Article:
Great ideas and well done!

View Ocelot's profile

Ocelot

2076 posts in 2786 days


#2 posted 10-03-2018 08:49 PM

Interesting. Maybe I need one of those.

View John Veazey's profile

John Veazey

8 posts in 29 days


#3 posted 10-03-2018 09:10 PM

Well, It sure has reduced the sawdust in my shop.

-- John Veazey

View therealSteveN's profile

therealSteveN

1410 posts in 722 days


#4 posted 10-04-2018 07:58 AM

“It connects to the ceiling with a re-purposed mount from a satellite TV antenna.”

Lol I always look at pics first, all I had was Whatttt?

Anything that covers the blade so your fingers cannot gain entry when it is spinning is a good idea. I think I would prefer a splitter with AKB pawls, but you do have what looks like a splitter in place. Sure much better than nothing at all.

“The collector-guard, the post hardware with the large black knob are from Shark Guard.”

I thought the guard looked familiar. I would be more in favor of using an entire Shark, splitter. pawls, and all, and using your rig just to support the dust collection tube from above, much safer, and better use of resources if you have a Shark already.

-- Think safe, be safe

View John Veazey's profile

John Veazey

8 posts in 29 days


#5 posted 10-04-2018 07:20 PM

Steve:
Thanks for your comments.
I agree that the installation would be safer with anti-kickback pawls installed. However the guard would then have to be attached to the saw which means it would have to be disconnected to move it out of the way. I like to be able to just lift the guard up out of the way rather than taking it off. But safety usually comes at a price. Perhaps there’s a way to have both – the safety of the pawls and the convenience of easily lifting the guard up out of the way.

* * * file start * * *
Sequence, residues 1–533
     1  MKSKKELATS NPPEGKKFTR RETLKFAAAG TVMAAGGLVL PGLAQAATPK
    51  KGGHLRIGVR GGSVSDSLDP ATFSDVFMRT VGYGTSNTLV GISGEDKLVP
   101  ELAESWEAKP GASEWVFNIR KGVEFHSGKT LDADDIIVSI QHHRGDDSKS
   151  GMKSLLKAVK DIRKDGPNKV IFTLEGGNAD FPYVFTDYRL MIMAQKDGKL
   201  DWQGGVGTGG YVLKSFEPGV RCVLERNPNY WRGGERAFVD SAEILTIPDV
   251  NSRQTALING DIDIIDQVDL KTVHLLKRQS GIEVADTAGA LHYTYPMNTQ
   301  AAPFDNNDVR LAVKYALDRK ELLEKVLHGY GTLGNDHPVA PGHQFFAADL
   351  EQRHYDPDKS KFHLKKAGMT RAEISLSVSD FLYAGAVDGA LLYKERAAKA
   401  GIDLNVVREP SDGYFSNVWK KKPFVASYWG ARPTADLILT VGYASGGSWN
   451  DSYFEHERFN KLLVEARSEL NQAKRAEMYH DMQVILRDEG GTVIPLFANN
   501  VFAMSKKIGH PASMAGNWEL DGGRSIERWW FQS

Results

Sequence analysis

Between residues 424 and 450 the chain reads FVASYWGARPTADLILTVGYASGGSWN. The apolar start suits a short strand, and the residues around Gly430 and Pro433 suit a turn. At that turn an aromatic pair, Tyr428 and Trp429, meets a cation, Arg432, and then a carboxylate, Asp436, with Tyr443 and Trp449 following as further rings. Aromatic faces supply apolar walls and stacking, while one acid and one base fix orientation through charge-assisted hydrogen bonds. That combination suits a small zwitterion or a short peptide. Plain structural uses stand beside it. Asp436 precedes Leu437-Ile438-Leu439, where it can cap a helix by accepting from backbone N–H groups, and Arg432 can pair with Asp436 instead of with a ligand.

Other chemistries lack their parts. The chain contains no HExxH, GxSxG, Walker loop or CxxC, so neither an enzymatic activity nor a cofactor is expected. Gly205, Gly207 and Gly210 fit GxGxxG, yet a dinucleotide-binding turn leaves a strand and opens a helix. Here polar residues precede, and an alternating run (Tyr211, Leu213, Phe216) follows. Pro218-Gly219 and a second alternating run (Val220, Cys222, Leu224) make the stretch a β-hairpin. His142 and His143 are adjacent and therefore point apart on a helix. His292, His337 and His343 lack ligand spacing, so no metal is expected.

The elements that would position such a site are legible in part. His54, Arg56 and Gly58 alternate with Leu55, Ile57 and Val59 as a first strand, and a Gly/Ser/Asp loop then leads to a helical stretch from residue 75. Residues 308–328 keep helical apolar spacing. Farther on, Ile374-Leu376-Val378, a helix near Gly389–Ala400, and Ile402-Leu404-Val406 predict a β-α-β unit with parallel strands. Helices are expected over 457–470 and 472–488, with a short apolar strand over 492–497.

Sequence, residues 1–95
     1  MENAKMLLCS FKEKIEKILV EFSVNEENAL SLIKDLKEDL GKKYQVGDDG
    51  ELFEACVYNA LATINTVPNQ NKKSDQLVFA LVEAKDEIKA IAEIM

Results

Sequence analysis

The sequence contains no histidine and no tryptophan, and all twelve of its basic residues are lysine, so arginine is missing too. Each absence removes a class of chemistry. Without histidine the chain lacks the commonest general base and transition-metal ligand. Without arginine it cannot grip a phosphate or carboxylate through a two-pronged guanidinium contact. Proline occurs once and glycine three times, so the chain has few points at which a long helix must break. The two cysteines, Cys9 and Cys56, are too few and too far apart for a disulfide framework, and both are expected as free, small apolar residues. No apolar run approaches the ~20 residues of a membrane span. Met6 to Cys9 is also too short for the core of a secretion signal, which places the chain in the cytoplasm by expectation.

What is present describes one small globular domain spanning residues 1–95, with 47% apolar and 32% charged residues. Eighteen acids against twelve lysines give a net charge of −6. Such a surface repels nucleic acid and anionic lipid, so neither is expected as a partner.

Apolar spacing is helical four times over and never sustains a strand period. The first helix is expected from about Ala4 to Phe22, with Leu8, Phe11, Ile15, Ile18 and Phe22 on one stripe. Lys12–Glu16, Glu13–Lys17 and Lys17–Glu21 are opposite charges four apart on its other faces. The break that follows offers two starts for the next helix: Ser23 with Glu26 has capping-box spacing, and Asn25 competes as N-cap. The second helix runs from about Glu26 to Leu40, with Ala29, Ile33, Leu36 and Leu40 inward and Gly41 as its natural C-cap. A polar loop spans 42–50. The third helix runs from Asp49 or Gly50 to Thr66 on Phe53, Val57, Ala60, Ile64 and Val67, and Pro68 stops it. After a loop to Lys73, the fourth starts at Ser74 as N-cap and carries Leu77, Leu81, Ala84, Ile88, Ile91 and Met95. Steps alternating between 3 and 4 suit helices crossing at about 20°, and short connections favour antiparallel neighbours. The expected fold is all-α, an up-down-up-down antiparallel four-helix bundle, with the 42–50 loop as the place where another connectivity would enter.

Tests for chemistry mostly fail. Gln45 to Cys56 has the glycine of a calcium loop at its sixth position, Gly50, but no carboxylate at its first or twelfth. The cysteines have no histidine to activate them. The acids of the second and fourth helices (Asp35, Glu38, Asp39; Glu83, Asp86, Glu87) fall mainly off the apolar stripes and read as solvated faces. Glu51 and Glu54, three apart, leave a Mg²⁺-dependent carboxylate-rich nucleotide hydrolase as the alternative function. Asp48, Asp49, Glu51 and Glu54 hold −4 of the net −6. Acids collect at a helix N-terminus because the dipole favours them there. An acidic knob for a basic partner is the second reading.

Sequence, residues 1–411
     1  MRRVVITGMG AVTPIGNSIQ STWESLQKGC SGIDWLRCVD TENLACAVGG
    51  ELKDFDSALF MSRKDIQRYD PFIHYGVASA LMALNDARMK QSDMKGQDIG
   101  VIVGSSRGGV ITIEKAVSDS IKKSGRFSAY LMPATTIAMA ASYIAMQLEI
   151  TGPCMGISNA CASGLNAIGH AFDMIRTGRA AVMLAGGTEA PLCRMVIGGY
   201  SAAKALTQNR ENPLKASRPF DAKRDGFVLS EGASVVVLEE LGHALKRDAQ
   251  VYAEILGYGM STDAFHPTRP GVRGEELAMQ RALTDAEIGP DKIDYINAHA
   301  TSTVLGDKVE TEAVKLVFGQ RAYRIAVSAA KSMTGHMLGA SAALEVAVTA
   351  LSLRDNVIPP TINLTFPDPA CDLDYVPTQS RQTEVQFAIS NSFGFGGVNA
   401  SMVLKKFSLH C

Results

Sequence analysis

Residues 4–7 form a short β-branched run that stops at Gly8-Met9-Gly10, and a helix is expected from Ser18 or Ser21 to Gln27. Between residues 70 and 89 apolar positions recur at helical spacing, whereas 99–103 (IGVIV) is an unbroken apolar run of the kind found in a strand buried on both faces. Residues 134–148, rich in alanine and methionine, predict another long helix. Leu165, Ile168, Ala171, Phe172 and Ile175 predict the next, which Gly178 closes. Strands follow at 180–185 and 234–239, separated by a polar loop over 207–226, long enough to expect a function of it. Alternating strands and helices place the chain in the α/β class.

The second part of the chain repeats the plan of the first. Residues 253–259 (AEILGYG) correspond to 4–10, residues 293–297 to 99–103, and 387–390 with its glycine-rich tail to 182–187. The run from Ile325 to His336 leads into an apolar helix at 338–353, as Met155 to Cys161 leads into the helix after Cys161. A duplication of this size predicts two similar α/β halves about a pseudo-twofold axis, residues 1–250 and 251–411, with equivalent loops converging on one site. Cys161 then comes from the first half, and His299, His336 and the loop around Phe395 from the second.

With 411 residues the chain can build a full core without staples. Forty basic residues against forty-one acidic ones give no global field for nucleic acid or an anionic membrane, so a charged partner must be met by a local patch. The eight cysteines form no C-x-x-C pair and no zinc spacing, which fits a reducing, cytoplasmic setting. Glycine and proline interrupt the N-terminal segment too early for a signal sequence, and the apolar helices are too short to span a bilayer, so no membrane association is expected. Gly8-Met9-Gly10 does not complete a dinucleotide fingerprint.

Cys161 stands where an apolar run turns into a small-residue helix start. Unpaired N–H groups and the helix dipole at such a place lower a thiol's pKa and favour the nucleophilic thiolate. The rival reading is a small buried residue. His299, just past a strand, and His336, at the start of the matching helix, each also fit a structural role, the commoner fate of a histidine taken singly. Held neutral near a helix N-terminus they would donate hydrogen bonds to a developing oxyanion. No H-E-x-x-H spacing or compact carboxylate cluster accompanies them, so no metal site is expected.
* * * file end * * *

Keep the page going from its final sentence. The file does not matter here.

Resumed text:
-- John Veazey

View therealSteveN's profile

therealSteveN

1410 posts in 722 days


#6 posted 10-04-2018 07:40 PM

Actually there are a few, depends if you want to spend the money, or you could get some wheels and roll your own. Thing about the ones for sale is they are somewhat canted so the stock is not only held but it keeps it against the fence.

Board Buddies

Plan B

I only picked the 2 above because they both showed the product mounted on the saw. A lot of folks see these, and don’t know what they are for. Pricing may be MUCH better at other vendors, who choose not to show a mounted picture.

If you are making very narrow cuts, these would force you to leave the “offcut” on the non fence side of the blade, but there are works arounds for anything, and if safety is important then sometimes doing it “how everybody else does it” might not be so safe. That goes for both, using these anti kick back devices, or cutting thin stock.

-- Think safe, be safe

View John Veazey's profile

John Veazey

8 posts in 29 days


#7 posted 10-07-2018 01:05 AM

I just ordered the pawls from Shark Guard. I’m hoping I can leave the large splitter with the pawls attached on the saw most of the time and just lift the guard up and off the mounting posts clamped to the top of the splitter.

-- John Veazey